Welcome to the Hollow
Located in the beautiful northern portion of Glacier National Park, a 1,583 square mile wilderness area located along the Rocky Mountains with glacier-carved peaks and valleys that run into and beyond the Canadian border. At its Northernmost point is an area commonly known as �Goat Haunt.� Here, a large portion of land has been sectioned off as private property, purchased by a Research Group to preserve the landscape as well as its occupants. Access to this area by visitors is strictly limited.
This wild, untamed land is ruthless in nature and a sight to behold. The terrain changes vastly from deep valleys, to towering peaks, Fruitful woodlands and forests, to barren badlands and ice sheets. While the pack only occupies one area at a time based on the season, they lay claim to everything from the water�s edge, to the base of the mountains, to the edge of the most dense portion of the forest to the west and as far south as the tree line goes.
Through the seasons
Spring arrives in early April but does not last very long. During this time, the remaining bits of ice and snow melt away and are replaced by new blades of grass, budding flowers and the promise of an end to the long winter months. All around the hollow life springs a new for both animals and plants. The last of the ice on the lake melts away though the water remains chilled.
Summer spans from early June to late August, bringing the territory alive. Wild grasses grow tall and the trees provide endless shade in the warm temperatures. During these months, the territory is dotted with an array of color from blooming wild flowers and a multitude of various plant life. Despite the warmer temperatures, the lake never quite warms up. Being fed from the still snowcapped glaciers makes the lake always a tad bit chilly.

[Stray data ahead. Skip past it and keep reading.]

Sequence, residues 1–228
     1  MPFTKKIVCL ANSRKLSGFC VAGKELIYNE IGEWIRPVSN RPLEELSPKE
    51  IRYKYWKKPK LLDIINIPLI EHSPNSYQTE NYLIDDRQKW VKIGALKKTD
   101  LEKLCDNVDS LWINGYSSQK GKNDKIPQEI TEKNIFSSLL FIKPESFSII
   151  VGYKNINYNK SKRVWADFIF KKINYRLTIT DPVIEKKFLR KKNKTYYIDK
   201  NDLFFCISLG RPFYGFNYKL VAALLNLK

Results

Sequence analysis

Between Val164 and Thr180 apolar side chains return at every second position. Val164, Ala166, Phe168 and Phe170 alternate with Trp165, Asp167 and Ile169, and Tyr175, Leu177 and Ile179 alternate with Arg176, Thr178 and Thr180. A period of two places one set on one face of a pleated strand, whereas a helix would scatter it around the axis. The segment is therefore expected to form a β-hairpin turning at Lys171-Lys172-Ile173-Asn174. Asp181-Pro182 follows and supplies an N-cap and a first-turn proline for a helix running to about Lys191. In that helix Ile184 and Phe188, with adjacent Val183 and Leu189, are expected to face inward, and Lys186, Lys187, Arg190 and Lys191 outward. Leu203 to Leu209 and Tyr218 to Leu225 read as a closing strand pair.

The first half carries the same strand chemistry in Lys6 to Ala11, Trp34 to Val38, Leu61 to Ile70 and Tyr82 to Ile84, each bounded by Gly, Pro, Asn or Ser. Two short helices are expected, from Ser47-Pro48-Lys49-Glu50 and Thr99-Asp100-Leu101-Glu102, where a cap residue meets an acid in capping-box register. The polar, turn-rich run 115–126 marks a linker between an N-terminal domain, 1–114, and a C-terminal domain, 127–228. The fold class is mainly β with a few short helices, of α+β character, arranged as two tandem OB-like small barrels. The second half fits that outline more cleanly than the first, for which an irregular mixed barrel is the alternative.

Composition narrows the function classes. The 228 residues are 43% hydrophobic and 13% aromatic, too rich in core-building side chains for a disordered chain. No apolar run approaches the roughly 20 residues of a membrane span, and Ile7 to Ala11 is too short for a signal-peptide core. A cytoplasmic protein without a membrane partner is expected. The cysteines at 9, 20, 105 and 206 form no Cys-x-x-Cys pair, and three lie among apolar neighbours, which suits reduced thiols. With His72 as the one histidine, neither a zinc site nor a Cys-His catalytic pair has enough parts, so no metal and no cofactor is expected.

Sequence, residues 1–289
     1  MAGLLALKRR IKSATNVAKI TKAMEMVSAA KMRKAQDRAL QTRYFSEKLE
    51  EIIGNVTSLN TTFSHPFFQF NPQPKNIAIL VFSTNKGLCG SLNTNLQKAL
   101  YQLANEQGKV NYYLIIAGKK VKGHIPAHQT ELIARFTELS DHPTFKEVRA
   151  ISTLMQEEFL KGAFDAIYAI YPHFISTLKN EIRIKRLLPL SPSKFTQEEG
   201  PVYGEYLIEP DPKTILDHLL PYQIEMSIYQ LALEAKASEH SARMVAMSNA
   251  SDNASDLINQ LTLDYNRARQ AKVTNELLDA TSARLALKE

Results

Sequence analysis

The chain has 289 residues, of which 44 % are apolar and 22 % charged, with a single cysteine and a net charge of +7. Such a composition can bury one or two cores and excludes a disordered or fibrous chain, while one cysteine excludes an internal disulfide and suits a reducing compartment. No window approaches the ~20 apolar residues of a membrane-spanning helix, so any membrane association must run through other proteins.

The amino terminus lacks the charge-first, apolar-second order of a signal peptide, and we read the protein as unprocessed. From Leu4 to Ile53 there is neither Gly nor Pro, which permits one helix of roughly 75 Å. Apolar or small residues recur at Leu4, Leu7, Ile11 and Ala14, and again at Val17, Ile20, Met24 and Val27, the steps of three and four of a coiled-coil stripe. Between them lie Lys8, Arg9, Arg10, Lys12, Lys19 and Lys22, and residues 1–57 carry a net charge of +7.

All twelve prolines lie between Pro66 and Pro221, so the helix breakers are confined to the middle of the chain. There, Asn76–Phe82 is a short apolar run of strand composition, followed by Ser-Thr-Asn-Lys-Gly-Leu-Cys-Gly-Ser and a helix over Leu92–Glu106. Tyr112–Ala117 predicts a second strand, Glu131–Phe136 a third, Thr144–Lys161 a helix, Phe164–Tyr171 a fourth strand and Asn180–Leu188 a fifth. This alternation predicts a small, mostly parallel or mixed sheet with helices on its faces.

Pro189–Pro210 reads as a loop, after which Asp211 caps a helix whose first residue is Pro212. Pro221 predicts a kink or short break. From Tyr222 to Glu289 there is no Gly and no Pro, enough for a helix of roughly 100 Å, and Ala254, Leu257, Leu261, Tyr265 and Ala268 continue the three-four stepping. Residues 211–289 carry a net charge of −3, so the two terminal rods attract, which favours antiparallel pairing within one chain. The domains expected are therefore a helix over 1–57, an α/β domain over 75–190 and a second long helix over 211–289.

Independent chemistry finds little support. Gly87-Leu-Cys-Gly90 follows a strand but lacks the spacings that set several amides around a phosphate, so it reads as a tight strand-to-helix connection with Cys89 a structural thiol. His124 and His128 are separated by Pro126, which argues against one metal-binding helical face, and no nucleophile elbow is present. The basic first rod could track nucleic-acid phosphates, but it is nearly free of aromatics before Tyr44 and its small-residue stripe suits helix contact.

By September, the temperatures begin to fall and as a result, foliage begins to turn fiery reds, brazen oranges and striking yellow as it all begins to fall apart, leaving the tree branches barren once more for the snows to begin. By the beginning of November, a thin sheet of ice can often be seen forming across the surface of the lake as the temperatures begin to fall. All around the Hollow animals begin preperations for winter.
For nearly four months ice, frost and snow keep the territory nestled beneath a blanket of white until February when it all begins to melt, renewing the earth below for another Spring and causing the frozen surface to begin to thin and crack once more.
The Summer Hollow
A large, rocky meadow at the base of a large mountain serves as the packs Summer home. The pack returns here around March, when the snows have mostly melted though bits of muck and sludge remain. Once spring arrives, wild grass grows shoulder high and large boulders that had toppled down through the decades lay scattered about.
A series of rolling hills slowly climbs upward into the steep mountainsides. A secondary cavern, similarly carved from glacial ice years ago, serves as the packs nursery for its growing young. Like the one in the Winter Hollow, this cavern is layered with grasses, foliage and furs to create a soft, warm place to sleep. However, the inside is much larger, its tall stone walls and wide area make it ideal for growing pups.
The mountain behind the Hollow remains snow caped year around, though it is the slow runoff of melting snow that flows down into a large waterfall that thunders down nearly 50 feet into the lake below. This large waterfall can be heard for miles around.
The lakeside on this end of the territory is composed of soft, fine soil that creates a gradual incline into the lake, its waters slowly lapping at the surface. For nearly 10 feet an adult wolf can walk in and not get any deeper than their elbows. This makes for a fun place for pups to splash about, if they dare to brave the chill.